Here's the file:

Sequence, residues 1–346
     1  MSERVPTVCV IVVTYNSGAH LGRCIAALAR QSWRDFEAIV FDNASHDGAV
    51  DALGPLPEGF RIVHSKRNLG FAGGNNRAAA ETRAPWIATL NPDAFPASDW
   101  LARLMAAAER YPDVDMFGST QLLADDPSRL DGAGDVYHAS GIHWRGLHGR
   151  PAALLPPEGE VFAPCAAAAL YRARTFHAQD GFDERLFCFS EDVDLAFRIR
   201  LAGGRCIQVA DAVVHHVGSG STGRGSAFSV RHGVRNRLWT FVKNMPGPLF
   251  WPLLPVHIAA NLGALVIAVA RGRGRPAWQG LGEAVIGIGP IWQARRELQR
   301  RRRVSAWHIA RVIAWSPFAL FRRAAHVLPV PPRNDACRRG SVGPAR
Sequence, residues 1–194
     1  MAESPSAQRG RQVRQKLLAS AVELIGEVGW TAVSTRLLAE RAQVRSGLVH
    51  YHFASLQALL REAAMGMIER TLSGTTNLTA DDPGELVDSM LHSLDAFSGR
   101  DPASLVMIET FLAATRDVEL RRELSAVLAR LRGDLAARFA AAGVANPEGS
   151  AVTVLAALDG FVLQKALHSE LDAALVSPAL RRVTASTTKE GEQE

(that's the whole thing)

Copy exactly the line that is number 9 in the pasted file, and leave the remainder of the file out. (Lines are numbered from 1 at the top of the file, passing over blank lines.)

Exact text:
Sequence, residues 1–194